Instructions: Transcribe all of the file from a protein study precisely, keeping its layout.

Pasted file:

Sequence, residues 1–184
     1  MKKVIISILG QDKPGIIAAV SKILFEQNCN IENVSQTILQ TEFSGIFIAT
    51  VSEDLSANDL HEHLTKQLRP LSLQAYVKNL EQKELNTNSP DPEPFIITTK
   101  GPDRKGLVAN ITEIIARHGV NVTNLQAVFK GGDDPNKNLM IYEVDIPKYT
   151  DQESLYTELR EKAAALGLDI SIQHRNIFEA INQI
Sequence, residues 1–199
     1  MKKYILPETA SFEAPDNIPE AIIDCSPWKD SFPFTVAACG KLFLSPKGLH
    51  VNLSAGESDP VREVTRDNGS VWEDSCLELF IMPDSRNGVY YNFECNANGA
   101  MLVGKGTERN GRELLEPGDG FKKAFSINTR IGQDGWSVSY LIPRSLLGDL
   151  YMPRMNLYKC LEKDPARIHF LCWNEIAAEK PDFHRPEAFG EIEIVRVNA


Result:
Sequence, residues 1–184
     1  MKKVIISILG QDKPGIIAAV SKILFEQNCN IENVSQTILQ TEFSGIFIAT
    51  VSEDLSANDL HEHLTKQLRP LSLQAYVKNL EQKELNTNSP DPEPFIITTK
   101  GPDRKGLVAN ITEIIARHGV NVTNLQAVFK GGDDPNKNLM IYEVDIPKYT
   151  DQESLYTELR EKAAALGLDI SIQHRNIFEA INQI
Sequence, residues 1–199
     1  MKKYILPETA SFEAPDNIPE AIIDCSPWKD SFPFTVAACG KLFLSPKGLH
    51  VNLSAGESDP VREVTRDNGS VWEDSCLELF IMPDSRNGVY YNFECNANGA
   101  MLVGKGTERN GRELLEPGDG FKKAFSINTR IGQDGWSVSY LIPRSLLGDL
   151  YMPRMNLYKC LEKDPARIHF LCWNEIAAEK PDFHRPEAFG EIEIVRVNA